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Reader’s Den

Reader's Den in August: Slaves of New York

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Slaves of New YorkSlaves of New YorkWe continue with a New York-themed Reader's Den this month—featuring Tama Janowitz's collection of intertwined stories set in Manhattan in the 1980sSlaves of New York. Artists, dealers, junkies, prostitutes, and writers are just some of the colorful characters envisioned in what could be considered a post-modernist comedy of manners. Stumbling towards equal parts fame and/or the gutter, the common threads of precarious real estate situations, often embroiled in difficult romantic relationships, keeps several of the characters 'enslaved' to their apartment situation.

Eleanor, a quirky young woman who makes equally quirky jewelry—is the insecure but endearing backbone of the book. She lives with an up-and-coming downtown artist named Stash (based loosely on the real-life graffiti artist Stash) in a state of semi-squalor. She preserves through haughty downtown loft parties, thankless jobs, and unwarranted derisive comments from Stash without negligible damage to her spirit. Other characters include Marley Montello, an artist who's great conceit is to build 'The Chapel of Jesus Christ as a Women" next to the Vatican in Rome, and his jaded dealer Ginger, who gave up her own dreams of becoming an artist to exploit the talents of others.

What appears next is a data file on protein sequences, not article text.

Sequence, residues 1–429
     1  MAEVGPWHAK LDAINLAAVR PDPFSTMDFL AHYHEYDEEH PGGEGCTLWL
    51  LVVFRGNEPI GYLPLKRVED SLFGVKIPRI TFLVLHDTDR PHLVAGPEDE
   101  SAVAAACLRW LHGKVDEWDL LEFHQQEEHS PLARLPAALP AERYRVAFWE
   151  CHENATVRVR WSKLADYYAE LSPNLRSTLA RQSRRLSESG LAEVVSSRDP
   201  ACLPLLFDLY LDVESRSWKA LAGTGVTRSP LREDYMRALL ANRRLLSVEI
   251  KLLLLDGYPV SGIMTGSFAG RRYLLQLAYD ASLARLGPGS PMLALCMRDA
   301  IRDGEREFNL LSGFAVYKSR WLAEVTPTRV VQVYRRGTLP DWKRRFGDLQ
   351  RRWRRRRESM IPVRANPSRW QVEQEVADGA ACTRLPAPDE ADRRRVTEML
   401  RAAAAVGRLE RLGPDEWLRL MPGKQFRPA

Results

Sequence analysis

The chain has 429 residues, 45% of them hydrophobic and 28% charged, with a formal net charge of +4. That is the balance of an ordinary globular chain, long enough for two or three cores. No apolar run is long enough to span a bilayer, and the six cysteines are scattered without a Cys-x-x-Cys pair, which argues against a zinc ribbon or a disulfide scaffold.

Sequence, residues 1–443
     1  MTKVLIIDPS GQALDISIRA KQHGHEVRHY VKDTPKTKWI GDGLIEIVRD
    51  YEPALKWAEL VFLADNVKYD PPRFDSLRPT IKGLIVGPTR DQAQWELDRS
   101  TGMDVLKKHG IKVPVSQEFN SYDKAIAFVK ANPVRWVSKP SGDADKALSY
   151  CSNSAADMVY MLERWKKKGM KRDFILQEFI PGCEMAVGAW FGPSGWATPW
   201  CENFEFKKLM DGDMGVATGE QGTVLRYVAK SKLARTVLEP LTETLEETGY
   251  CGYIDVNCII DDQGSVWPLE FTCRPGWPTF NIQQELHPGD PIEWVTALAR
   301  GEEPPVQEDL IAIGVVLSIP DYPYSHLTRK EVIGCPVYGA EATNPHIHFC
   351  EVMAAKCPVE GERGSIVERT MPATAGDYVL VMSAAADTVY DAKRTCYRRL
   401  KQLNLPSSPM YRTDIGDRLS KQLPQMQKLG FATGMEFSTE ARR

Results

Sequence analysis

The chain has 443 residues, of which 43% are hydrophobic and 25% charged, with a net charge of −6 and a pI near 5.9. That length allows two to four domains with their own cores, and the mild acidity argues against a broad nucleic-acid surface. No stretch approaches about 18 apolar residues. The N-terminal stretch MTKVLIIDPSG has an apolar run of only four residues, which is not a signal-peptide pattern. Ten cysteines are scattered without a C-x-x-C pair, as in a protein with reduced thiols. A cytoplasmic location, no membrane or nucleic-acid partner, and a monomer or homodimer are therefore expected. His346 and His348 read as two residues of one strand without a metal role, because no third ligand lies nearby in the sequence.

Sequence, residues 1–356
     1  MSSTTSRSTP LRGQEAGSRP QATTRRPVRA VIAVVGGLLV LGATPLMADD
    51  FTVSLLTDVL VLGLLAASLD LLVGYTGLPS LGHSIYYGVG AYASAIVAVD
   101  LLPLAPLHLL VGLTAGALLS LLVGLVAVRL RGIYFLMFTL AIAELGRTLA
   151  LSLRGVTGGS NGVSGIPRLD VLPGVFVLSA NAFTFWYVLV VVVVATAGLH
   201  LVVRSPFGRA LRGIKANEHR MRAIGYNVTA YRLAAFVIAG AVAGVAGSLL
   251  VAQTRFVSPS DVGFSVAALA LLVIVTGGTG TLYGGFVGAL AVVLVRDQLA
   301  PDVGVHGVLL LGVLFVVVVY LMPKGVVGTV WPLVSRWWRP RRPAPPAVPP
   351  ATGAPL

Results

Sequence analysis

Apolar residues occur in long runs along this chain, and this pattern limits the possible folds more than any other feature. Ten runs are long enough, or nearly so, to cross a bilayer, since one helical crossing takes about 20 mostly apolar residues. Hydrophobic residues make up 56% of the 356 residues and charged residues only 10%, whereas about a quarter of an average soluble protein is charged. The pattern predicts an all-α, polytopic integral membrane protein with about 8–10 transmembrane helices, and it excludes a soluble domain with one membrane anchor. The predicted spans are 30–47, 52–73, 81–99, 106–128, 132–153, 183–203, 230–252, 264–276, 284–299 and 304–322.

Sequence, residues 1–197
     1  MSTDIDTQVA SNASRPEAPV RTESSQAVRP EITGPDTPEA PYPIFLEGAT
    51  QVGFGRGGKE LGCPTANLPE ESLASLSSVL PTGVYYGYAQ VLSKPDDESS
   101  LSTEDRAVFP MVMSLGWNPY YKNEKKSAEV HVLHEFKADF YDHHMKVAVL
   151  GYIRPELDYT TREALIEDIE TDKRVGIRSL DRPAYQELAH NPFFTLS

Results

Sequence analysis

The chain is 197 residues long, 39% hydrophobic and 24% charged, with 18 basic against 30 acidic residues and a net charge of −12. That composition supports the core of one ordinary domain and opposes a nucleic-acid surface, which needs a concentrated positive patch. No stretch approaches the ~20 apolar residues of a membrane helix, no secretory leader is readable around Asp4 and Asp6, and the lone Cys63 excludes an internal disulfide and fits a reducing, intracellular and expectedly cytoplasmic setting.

Although the characters are rather egotistical and oft-deluded, this soapy, deadpan sketch of the NY Downtown art scene of the 1980s is nonetheless a colorful retelling of a time now possibly as quaint and long-departed as Edith Wharton's New York earlier in the same century. SoHo in the 1970s and 1980s fostered a strong community of artists in former warehouses-cum-lofts under the Artist-in-Residence zoning law, which REQUIRED that at least one artist (certified by the New York Department of Cultural Affairs) lived in a building in this particular neighborhood. 

Questions

  • Have you ever felt like a slave to your apartment situation?
  • New Yorkers love to slap labels on people based on the neighborhoods that live in  (Yuppies, Hipsters, etc.) Why do you think that is? Do you think it happens in other cities to the same extent? 
  • Do you think Williamsburg is the contemporary equivalent of SoHo in the 1980s? Why or why not? 

Comments

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"Slaves of New York," by Tama J